Experts Say The Troop Of Wild Monkeys Carrying A Deadly Strand Of Herpes In Florida Could Double In Population by 2022

Not to freak everyone out, but remember the 1995 movie Outbreak with Dustin Hoffman and Renee Russo where monkeys with a deadly virus threaten the lives of everyone in a small town? Well, let’s just say that scenario might be on its way to becoming a reality.

Or at least a growing population of wild rhesus macaque monkeys in central Florida have experts worried. That’s because the monkeys carry a potentially fatal virus—Herpes B.

Also known as B virus, monkey B virus, herpesvirus simiae, and herpesvirus Ba, this form of the Herpes virus is found among a variety of macaques, including rhesus macaques, pig-tailed macaques, and cynomolgus monkeys (also called crab-eating or long-tailed macaques).

The Centers for Disease Control states:

Macaque monkeys are thought to be the natural host for the virus. Macaques infected with B virus usually have no or only mild symptoms. Macaques housed in primate facilities usually become B virus positive by the time they reach adulthood. However, infection in macaques can only be transmitted during active viral shedding through body fluids.”

Though B virus infections are said to be extremely rare in humans, when they do occur, the CDC reports:

“…infection can result in severe brain damage or death if the patient is not treated soon after exposure (see Risks for Infection and Treatment sections). Infection in humans is typically caused by animal bites or scratches or by mucosal contact with body fluid or tissue.”

Scientists in The Journal of Wildlife Management warn that the current population of these simians, set at 300 according to National Geographic, located oddly enough in Silver Spring State Park, are likely to double in size by 2022.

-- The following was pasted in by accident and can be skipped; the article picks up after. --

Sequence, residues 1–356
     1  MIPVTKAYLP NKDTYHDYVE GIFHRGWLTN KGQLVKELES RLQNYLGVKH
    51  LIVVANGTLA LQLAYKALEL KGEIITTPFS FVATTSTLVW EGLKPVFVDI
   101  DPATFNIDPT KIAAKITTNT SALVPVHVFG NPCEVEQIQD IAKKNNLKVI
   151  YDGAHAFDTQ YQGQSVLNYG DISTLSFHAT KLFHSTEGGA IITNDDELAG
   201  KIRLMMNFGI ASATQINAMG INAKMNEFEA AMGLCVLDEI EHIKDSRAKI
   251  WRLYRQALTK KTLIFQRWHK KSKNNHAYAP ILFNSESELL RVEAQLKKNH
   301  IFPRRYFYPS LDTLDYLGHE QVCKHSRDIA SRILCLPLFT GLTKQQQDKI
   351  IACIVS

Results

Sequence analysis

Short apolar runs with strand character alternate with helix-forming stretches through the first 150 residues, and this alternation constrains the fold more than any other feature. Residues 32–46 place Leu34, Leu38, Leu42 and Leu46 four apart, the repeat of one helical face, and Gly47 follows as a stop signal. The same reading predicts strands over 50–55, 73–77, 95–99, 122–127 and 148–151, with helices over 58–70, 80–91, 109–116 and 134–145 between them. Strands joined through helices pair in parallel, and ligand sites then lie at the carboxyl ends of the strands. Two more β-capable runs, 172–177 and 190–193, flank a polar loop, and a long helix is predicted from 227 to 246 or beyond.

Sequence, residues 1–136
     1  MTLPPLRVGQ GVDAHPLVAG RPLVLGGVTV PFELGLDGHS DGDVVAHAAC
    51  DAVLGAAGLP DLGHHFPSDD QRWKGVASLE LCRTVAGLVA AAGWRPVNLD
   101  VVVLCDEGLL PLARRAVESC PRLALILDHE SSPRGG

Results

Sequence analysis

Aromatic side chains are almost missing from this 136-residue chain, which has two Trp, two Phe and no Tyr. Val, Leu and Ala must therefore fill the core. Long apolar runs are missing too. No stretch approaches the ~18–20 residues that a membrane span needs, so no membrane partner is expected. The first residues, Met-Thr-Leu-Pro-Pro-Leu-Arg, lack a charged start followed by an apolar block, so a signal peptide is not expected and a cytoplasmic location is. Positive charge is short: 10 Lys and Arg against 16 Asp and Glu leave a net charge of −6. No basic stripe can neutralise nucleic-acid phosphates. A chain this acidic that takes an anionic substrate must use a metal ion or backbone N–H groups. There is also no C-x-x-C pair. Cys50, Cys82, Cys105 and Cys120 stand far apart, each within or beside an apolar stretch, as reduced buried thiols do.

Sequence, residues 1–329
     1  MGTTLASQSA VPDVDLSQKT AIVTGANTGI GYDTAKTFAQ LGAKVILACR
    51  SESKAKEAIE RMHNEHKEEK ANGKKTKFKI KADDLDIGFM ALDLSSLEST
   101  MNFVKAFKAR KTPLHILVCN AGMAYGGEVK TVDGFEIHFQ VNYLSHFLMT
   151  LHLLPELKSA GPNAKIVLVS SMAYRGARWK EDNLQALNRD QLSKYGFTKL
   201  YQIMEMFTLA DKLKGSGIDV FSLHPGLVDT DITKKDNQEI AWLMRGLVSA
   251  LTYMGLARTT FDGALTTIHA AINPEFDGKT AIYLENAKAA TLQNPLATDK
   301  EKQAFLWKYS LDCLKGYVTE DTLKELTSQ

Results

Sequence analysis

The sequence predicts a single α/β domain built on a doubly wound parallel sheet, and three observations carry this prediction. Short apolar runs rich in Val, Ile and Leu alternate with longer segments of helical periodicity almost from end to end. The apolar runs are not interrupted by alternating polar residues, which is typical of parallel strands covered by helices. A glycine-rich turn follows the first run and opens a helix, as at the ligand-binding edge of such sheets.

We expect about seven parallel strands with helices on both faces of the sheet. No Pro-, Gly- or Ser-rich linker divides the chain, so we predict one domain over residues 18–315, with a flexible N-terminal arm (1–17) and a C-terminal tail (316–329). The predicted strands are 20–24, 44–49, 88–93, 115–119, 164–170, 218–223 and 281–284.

Native to South and Southeast Asia, the monkeys (also known by their species name, Macaca mulatta) are thought to be the children of six rhesus macaques who, according to the University of Florida’s Institute of Food and Agricultural Sciences, are said to have made their home in the state park in the late 1930s when they were brought there from Asia to draw more tourists to the area now known as Silver Springs State Park.

The New York Post reports there have been at least 50 documented incidents of people being bitten or scratched by infected rhesus macaques while in captivity, then contracting Herpes B virus as a result. According to the University of Florida, almost half of all those human cases ended in death, while the others who contracted the disease “suffered permanent neurological damage.”

National Geographic reports that at least 30 percent of the primates at the park are carriers of the Herpes B virus, and experts worry that an uptick in that population could mean an elevated risk for park-goers.

Still, the University of Florida says:

“…the risk of transmission of Herpes B from macaques to humans is uncertain,” and there has “never been a confirmed report of a human contracting Herpes B from a macaque in the wild.”

Though the university is playing it cool and an article in the February issue of Emerging Infectious Diseases considers transmission a low-incidence, high-consequence risk because the nature of rhesus macaques is not as afraid of humans as other animal species, there may be real cause for alarm.

As National Geographic points out:

Several aggressive monkey displays [at Silver Spring] have led to two partial park closures since 2016, including one last summer, which was implemented after a monkey charged a family along one of the park’s boardwalks.”

State officials have attempted to control the monkey population growth at the park in the past, with trappers given permission to capture monkeys in the ’80s, selling some to biomedical research facilities and sterilizing some of the females—a practice that proved controversial at the time and “has since halted,” according to the University of Florida.

But as wildlife ecologist and assistant professor of research at Texas A&M University-Kingsville Jane Anderson told National Geographic, sterilization is a practice that might be worth bringing back, helping to better control the population. Anderson says the current population could potentially be reduced to a “third of its current size” by sterilizing just half the females.

Most Twitter users had strong feelings about the situation:

Some wondered about key monkey votes:

Others felt the news was right on target for 2018:

And some saw this news as turnabout as fair play for creatures who are often used in lab testing:

Others saw it as we did:

This one just about sums it all up perfectly:

H/T: National Geographic, New York Post